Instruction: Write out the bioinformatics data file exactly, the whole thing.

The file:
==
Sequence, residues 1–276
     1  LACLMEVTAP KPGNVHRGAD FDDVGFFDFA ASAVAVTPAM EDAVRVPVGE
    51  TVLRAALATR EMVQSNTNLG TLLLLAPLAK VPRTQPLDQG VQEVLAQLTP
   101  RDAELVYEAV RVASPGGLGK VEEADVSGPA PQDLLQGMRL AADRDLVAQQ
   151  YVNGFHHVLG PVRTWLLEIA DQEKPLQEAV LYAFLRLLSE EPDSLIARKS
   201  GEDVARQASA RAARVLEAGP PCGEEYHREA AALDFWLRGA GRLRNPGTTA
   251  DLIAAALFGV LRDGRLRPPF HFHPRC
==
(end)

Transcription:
Sequence, residues 1–276
     1  LACLMEVTAP KPGNVHRGAD FDDVGFFDFA ASAVAVTPAM EDAVRVPVGE
    51  TVLRAALATR EMVQSNTNLG TLLLLAPLAK VPRTQPLDQG VQEVLAQLTP
   101  RDAELVYEAV RVASPGGLGK VEEADVSGPA PQDLLQGMRL AADRDLVAQQ
   151  YVNGFHHVLG PVRTWLLEIA DQEKPLQEAV LYAFLRLLSE EPDSLIARKS
   201  GEDVARQASA RAARVLEAGP PCGEEYHREA AALDFWLRGA GRLRNPGTTA
   251  DLIAAALFGV LRDGRLRPPF HFHPRC